Dr. Scott D. Pegan’s on-going research intent is centered on discovering new classes of drug candidates for use in antiviral, antibiotic, and cancer therapies. We use a complementary approach that utilizes advanced structural biology, biophysical and enzymatic techniques as well as the latest in high-throughput screening methodology. Our intent is to discover pharmaceuticals that are not only disease specific, but can also be developed for broad based applications.
Regulation of the Human Innate Immune System
To gain a greater understanding of the mammalian innate immune response and how it is modulated, as well as develop new therapeutic templates for emerging diseases. Our on-going intent is to investigate the anti-viral type I response through the structural and kinetic study of proteases and ligases involved in the immune response signaling pathway. Through this research a better understanding of the role these proteins play in cellular regulation of the innate anti-viral immune response will occur. Currently, we are working with a model system from Crimean-Congo Hemorrhagic Fever virus (CCHFV), which in itself is a dangerous emerging pathogen exhibited by its recent deadly outbreaks in Turkey and India. Furthermore, CCHF has spread across Asia and Africa and is present particularly in the Middle East transmission. Danger to US was highlighted in 2009 by the death of a US Soldier serving in Afghanistan by CCHFV.
Discovering the Source of Genetic Disease in Adenylosuccinate Lyase Deficiency
Adenylosuccinate Lyase Deficiency is a disease of purine metabolism which affects patients both biochemically and behaviorally. The symptoms are variable and include psychomotor retardation, autistic features, hypotonia, and seizures. Although some studies of mutant ADSL enzyme activity and stability have been carried out, successfully correlating the residual enzyme activity with the severity of the disease has been met with limited success, obstructing the identification of affected individuals and treatment of the disorder. To remedy this situation, Dr. Pegan is currently collaborating with Professor David Patterson (DU, Biology) and Assistant Professor Kingshuk Ghosh (DU, Physics) to carry out a comprehensive biophysical and biochemical analysis of specific mutations that give rise to ADSL deficiency in order to develop an initial predictive model of ADSL severity. This project combines three DU faculty members’ expertise and spans three DU departments: Dr. David Patterson’s knowledge and previous pioneering DU research into ADSL deficiency, my extensive structural biology expertise that includes elucidation of the molecular mechanism behind Andersen’s Syndrome, and Dr. Kingshuk Ghosh’s computational expertise in developing predictive computation models of proteins.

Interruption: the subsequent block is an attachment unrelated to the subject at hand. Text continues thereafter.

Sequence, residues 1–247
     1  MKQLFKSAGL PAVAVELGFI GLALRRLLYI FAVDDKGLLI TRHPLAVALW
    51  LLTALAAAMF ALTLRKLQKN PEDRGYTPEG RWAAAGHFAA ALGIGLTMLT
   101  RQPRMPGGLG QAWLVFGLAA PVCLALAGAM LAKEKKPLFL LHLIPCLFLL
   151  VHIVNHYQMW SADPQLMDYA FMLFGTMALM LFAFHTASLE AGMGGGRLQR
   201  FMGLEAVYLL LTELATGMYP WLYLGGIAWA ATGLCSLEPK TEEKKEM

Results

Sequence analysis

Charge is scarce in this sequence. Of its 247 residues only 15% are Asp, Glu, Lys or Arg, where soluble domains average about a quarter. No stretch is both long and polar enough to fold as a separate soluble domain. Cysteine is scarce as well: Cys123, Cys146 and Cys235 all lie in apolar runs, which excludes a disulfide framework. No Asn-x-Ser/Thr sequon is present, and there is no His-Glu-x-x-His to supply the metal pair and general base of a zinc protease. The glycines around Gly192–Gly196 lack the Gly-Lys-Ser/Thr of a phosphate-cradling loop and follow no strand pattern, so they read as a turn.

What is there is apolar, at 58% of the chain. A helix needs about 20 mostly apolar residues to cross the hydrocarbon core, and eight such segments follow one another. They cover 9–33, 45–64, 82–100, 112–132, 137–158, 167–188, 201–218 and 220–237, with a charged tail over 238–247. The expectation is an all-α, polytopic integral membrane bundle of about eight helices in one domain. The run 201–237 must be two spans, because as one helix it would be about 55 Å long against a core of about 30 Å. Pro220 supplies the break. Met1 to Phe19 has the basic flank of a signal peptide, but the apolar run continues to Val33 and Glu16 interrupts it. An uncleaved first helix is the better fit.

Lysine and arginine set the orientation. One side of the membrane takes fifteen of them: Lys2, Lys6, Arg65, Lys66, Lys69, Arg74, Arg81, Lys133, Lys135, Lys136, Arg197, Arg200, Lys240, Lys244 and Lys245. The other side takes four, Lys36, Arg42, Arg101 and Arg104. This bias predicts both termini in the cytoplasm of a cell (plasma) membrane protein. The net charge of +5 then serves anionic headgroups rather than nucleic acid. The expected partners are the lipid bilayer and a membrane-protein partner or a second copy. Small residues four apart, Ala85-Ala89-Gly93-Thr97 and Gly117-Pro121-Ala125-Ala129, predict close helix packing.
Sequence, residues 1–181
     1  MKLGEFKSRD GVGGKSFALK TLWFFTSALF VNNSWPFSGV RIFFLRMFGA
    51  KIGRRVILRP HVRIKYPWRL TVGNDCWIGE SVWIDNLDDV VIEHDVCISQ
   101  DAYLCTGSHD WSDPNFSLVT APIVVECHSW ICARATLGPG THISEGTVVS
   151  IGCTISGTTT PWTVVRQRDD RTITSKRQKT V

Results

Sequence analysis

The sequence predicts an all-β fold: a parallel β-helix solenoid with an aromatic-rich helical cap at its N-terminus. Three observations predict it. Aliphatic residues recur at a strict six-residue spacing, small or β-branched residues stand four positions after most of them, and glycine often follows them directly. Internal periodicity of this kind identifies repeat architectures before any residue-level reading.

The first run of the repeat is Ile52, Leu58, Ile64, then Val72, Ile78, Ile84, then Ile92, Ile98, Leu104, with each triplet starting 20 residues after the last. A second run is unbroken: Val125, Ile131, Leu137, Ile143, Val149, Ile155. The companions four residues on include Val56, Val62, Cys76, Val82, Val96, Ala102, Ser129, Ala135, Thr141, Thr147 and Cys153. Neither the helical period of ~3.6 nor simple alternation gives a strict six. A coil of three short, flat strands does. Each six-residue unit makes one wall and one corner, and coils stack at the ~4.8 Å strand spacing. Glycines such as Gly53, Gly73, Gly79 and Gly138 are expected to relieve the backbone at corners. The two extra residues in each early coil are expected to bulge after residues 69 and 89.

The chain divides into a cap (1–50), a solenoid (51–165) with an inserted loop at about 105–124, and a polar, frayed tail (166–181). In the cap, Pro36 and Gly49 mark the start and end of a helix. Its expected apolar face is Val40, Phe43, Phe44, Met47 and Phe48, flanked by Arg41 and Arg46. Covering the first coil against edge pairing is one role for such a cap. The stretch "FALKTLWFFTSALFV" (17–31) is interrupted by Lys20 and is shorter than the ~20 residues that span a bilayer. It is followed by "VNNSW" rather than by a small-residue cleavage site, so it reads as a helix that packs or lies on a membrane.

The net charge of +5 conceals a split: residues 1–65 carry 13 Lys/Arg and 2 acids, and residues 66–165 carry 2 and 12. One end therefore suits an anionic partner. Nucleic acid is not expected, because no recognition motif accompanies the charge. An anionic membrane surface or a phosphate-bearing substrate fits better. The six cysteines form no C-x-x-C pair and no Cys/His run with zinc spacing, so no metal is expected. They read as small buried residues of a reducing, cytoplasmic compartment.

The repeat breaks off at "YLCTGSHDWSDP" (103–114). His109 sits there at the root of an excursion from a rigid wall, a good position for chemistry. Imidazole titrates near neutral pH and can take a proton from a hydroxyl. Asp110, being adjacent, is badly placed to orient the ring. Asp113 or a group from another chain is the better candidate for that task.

Discovery of new antibiotics for use against Tuberculosis
Tuberculosis (TB) is one of the most prevalent infections in the world, and a leader among the causes of mortality in developing countries. The World Health Organization estimates one third of the world’s population is infected with latent TB. With a rise in new cases of active TB and emergence of multidrug resistant strains, MDR-TB and XDR-TB, there is a strong need for development of antibiotics targeting novel pharmacological targets within Mycobacterium tuberculosis. One such drug target for TB is M. tuberculosis’ class II fructose 1,6-bisphosphate aldolase (MtFBA), which is required for bacterial survival and is non-existent in humans. Inhibitors have been developed for class II FBAs; however, they lack specificity and drug-like properties, preventing their translation into viable therapeutic leads. Optimization of these compounds has been historically hindered by a lack of MtFBA structural information. Recently, we elucidated the structures of an important novel drug target, MtFBA by itself, bound with substrates and bound with a inhibitor. The latter inhibitor bound structure has offered a unique approach to MtFBA inhibition. Additionally, by enzymatic screening of a small compound library, two drug-like chemical scaffolds have been identified that possess inhibitory properties against both MtFBA and TB. Our intent is to use these new structures to optimize preliminary drug candidates we have uncovered to yield novel chemical compounds that have potent anti–bacterial features for therapeutics targeting TB and other pathogenic bacteria.